The year is off to a good start with sixteen reviews of speculative fiction books already submitted in 2016. Well done, everyone!
We had quite a spread of subgenres too, including…
- Lady Helen and the Dark Days Club by Alison Goodman, the first in a Georgette Heyer-like story (but with fantasy) was reviewed in Dark Matter Zine
- Denying the Dragon by Rinelle Grey, the fifth novella in the paranormal romance series, was reviewed by Brenda
- In the Devil’s Nebula by Anna Hackett, the second book in a series (although I gather it mostly stands alone), was reviewed by
I was a bit surprised at just how fast-paced. I went into it expecting it to be mostly focused on the romance but found myself in the middle of an action adventure instead. The plot manages to combine space opera with heist story with romance and even tosses in a little Western just for fun. It’s a lot to jam into such a small space but the style is very cinematic and it hangs together well.
- Lament for the Afterlife by Lisa L Hannet, which Kristian T described as “a war story as much as it is an exploration of flawed character as much as it is surreal trip through a grey nightmare.” And wrote “If you like novels to have artistry and enjoy strolling through someone else’s dreams and nightmares, I cannot recommend this book highly enough.”
Near future science fiction
- Nightsiders by Sue Isle, a short collection of four stories set in the same post-climate disaster Western Australia, which was reviewed very favourably by Stephanie Gunn.
- The Female Factory by Angela Slatter and Lisa L Hannet, another collection of four short stories (also published by Twelfth Planet Press). These ones are tied by the theme of motherhood and femaleness, and are reviewed by Kristian Thoroughgood. (And actually, one is more historical than near future, but shh, I’m enjoying the headings.)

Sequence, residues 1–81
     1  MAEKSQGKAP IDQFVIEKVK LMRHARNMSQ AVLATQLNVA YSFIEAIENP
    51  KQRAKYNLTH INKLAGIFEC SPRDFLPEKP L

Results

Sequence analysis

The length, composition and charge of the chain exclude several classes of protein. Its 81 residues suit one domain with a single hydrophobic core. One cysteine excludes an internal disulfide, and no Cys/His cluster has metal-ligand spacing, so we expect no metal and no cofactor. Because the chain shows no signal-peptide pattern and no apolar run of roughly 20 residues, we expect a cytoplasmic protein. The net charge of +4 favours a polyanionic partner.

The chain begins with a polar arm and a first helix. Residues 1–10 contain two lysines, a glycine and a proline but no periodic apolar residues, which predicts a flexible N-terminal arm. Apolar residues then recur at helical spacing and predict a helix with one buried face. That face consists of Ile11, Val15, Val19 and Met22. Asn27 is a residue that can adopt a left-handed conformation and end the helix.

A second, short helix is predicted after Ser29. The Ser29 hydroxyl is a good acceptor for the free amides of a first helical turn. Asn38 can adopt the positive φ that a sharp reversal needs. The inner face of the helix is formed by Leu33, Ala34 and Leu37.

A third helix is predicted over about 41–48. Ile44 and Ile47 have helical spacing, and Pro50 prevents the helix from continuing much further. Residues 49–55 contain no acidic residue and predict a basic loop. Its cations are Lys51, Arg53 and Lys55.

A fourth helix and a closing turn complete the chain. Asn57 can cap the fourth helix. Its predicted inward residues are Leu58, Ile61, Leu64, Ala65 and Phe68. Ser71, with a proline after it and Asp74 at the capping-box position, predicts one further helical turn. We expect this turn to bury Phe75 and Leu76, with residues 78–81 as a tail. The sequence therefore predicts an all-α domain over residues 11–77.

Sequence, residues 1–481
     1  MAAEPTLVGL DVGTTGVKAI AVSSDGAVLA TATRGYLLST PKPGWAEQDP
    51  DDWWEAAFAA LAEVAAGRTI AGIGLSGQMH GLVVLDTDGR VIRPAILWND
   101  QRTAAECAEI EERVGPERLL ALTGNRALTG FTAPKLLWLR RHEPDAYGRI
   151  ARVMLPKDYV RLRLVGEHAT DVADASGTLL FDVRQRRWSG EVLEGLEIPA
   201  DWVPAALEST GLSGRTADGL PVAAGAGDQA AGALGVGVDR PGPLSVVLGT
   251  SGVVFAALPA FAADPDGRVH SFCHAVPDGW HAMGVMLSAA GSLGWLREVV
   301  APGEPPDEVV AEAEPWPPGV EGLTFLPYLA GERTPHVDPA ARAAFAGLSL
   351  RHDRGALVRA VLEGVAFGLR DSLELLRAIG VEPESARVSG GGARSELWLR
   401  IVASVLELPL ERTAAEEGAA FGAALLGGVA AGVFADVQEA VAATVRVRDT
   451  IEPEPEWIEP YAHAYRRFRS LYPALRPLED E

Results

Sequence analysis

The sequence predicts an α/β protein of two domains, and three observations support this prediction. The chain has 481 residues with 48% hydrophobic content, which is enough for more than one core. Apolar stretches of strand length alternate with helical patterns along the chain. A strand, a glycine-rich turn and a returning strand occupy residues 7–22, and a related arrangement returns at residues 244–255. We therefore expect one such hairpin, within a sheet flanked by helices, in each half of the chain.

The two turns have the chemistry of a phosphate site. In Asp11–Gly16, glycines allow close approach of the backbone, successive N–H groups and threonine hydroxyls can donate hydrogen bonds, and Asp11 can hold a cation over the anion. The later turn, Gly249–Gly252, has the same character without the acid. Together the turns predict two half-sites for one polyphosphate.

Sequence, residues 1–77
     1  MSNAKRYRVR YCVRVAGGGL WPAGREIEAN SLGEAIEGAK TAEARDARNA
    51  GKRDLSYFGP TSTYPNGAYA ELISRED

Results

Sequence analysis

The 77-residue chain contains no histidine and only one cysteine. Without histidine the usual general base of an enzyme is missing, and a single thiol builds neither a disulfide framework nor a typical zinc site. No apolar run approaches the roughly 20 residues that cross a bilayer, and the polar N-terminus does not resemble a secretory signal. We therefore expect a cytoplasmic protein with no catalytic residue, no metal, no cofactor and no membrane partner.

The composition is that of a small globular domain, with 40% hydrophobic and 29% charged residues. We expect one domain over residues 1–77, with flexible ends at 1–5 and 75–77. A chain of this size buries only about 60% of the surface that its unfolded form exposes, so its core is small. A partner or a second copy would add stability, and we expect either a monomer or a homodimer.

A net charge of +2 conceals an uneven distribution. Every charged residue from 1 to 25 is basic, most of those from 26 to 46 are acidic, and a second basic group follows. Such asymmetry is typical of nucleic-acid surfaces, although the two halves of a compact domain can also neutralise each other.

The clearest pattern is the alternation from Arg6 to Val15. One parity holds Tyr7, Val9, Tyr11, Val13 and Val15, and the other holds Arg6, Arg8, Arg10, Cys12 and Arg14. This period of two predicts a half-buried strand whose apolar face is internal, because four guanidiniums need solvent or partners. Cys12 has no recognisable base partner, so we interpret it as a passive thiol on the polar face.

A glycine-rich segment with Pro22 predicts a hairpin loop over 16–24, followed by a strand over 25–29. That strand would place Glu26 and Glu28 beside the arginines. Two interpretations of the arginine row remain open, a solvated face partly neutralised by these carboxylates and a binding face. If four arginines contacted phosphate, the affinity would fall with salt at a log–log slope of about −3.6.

- Illuminae by Amie Kaufman and Jay Kristoff, a modern epistolary novel filled with chat logs and surveillance transcripts. Shaheen @ Speculating On Specfic reviewed it, writing:
With its gorgeous artwork and unusual presentation, Iluminae is a feast for the eyes. It’s a vivid, emotional, exciting read that will hook most readers. It’s the best thing either of these authors have written so far. It will leave you hungry for the sequel, Gemina.
Not-really-YA (despite marketing) fantasy horror
- Tender Morsels by Margo Lanagan, a dark book that, you should know up front, features rape quite prominently, was reviewed by Georgina Ballantine.
- Who’s Afraid? by Maria Lewis, which was reviewed by four different people: Dark Matter Zine, Stephanie Gunn, Shannon (giraffe Days), Elizabeth Fitzgerald. There was some difference of opinion, but mostly the reviewers agreed that the main character was well developed and that it was a promising debut, despite a few issues that cropped up.
- Lucid Dreaming by Cassandra Page, reviewed by
BFF (big fat fantasy)
- Dreamer’s Pool by Juliet Marillier, last year’s Best Fantasy Aurealis Award winner, was reviewed by Mark Webb. He enjoyed it, writing:
The writing is excellent, very engaging and all the qualities of a real page turner. The plot is relatively straight forward, with the reader guessing many of the twists well in advance of the characters. Much of the tension comes from Blackthorn’s need for vengeance and how it clouds her perspective on the problem in front of her.
- The Cracks in the Kingdom by Jaclyn Moriarty, the sequel to A Corner of White, was reviewed by
The world building of this series is superb. The Kingdom of Cello is a magical place where colours come to life and seasons roam the lands, where wishes can be fished out of lakes and dragons fly in the skies. But it’s not just Cello with its Magical North and its Olde Quainte – Cambridge through Madeleine’s eyes is just as fantastical and enchanting as Elliot’s world where people can fly.
Tsana Dolichva is a Ditmar Award-nominated book blogger who has been reading and enjoying Australian speculative fiction since she first started reading “grown up” books. She blogs her book reviews over at the creatively titled Tsana’s Reads. Along with Holly Kench, she is editing Defying Doomsday, an anthology showing that people with disability and chronic illness also have stories to tell, even when the world is ending (out in a few months).